An Embarrassing Personal Admission

Image from Goodreads

Image from Goodreads

A month or so ago, in the middle of our department meeting, the supervisor of our high school ENL department asked us to go get the books or short stories that our students were currently reading.  We laid them on a table and she asked us what they had in common. These book, poems and short stories represented different genres, historical time periods and topics.  It immediately became obvious to what she was referring.

All the authors were white males.

We were all shocked.

Our district represents a diverse population.  We have a little over 50% Latino students, most of whom were born in the US, and have more or less 15-20% Black and 25-30% White students and a small percentage of Asian students.  Those numbers are not exact, but the gist is right.  I don’t know the male to female ratio, but it must be more or less even.

Obviously, we all “teach” some stories, novels etc by minority writers.  But I’d have trouble coming up with a list on the spot.  This is not including our elective courses exclusively devoted to racism and sexism.

But it is even more startling in our department.   The English as a New Language Department is, by definition, comprised of students from other countries.  Almost all of those students are from Spanish speaking countries, along with some Asian, African and Caribbean students.  And I have them reading mostly stories by and about white teens and white male adults?

The school district wants to ensure that the reading choices and materials that we give our students include more authors of different races, religions and gender.  Perfect.

As I was driving home from work and contemplating this discussion, I thought about what I read in my personal life.  I’m a voracious reader and yet almost everything I read is by white authors.  Not exclusively male authors, but dominantly male authors.

I started to tick off a mental list of favorite authors as I drove.

  1.  Simon Winchester
  2.  Lee Child
  3.  Jonathan Kellerman
  4.  Louise Penny
  5.  J.K. Rowling
  6.  George R.R. Martin
  7.  John Grisham
  8.  Ray Bradbury
  9.  Agatha Christie
  10.  Robert B. Parker

This is by no means an inclusive list, but these were the authors who immediately came to mind.

How is this possible?

Yesterday, I opened a Goodreads account and started browsing.  Of course I have read books by authors of diverse backgrounds.  But my default list is comprised of books by white authors.

I added the following books to my “want to read” list.  And I’d like your opinions if you have read any of these.

Their Eyes Were Watching God  by Zora Neale Hurston

Fatal Shadows by Josh Lanyon

Iguana DreamsNew Latino Fiction by Delia Poey (editor) and Virgil Suárez (editor)

Native American Fiction Stories by Grey Eagle Thornton

Please recommend other authors and titles to me.  I read all genres, but love spy novels, mysteries, detective stories, sci-fi, historical fiction and fantasy the most.

I am thankful to be able to remedy this glaring hole in my reading choices.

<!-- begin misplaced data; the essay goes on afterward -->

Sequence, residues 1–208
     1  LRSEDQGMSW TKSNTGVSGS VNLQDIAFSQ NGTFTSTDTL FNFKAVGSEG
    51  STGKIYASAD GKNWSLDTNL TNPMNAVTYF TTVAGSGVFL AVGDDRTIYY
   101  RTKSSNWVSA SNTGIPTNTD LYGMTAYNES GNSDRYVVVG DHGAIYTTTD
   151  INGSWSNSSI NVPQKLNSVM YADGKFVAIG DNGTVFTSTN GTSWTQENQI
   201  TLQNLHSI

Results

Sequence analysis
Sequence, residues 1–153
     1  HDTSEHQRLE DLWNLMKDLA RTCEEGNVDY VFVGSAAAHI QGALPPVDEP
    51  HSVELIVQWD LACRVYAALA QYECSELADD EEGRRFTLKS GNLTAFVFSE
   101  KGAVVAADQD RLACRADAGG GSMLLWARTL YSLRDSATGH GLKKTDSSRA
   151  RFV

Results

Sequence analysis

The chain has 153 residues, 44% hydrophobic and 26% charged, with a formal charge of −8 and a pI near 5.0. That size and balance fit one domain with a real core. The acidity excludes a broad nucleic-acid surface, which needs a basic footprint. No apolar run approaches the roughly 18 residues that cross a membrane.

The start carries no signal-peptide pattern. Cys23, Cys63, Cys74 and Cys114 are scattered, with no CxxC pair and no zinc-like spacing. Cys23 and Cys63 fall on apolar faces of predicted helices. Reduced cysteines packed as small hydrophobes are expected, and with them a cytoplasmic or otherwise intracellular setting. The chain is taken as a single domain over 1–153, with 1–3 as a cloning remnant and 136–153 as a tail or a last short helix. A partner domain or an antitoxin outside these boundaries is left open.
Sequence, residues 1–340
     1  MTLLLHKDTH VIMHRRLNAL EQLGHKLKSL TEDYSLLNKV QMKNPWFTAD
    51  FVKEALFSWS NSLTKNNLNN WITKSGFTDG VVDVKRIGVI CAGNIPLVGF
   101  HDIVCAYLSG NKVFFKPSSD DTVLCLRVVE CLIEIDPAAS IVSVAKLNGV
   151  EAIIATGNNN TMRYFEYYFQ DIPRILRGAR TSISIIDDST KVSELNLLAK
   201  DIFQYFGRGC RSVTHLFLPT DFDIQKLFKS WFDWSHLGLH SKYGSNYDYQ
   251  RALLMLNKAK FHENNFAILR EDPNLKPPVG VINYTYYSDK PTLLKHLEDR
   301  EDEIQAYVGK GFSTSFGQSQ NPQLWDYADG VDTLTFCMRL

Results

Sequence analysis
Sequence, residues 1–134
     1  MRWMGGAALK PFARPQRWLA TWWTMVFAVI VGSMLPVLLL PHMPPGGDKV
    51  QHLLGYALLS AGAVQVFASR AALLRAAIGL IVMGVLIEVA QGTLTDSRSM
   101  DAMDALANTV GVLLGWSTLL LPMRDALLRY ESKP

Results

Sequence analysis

It’s an embarrassing personal admission.


About Barb Knowles

The things that are important to me are family, friends, teaching, writing, languages and using my sense of humor to navigate this crazy world. Please join me on this blogging adventure...
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47 Responses to An Embarrassing Personal Admission

  1. I was thinking through the non-white authors I hv read and these came to mind. Haruki Murakami (japanese), Khaled Hosseini (Afghan). I hv enjoyed a few of their books. This us a tough one but good to thinker. I have to go dig out books from the still unpacked boxes, Barb!

    Liked by 1 person

  2. Darn…my earlier comment was truncated…that I’ve never thought about books that way since I choose books based on content vs author’s ethnicity. It’s not something I think about when it comes to books. So as long as the story is good, I’ll read. 🙂

    Liked by 1 person

  3. A few African-American authors I’ve read:

    I’m a big fan of Leonard Pitts Jr., who I discovered through his syndicated opinion columns. His novels are not really in your favorite genres, though.

    Ta-Nehisi Coates, a writer for “The Atlantic” primarily writes non-fiction, but he does write a comic book/graphic novel called “The Black Panther”. (I’ve not read it, but I love his other writing.)

    Victor LaValle wrote an absolutely brilliant weird tale in the style of H.P. Lovecraft called “The Ballad of Black Tom”. Dark stuff (and maybe inaccessible if you don’t read Lovecraft) but I thought it was one of the best horror stories I’ve ever read. I have a review of it on my blog.

    Also, while they are far from mainstream (so far), I’d be remiss if I didn’t mention some female indie authors I know and admire: Shannon Selin (who writes historical fiction in the Napoleonic era), Eileen Stephenson (who write historical fiction set in Byzantium) and Alison Morton (who writes alternate future “Roma Nova” thriller series.)

    Liked by 1 person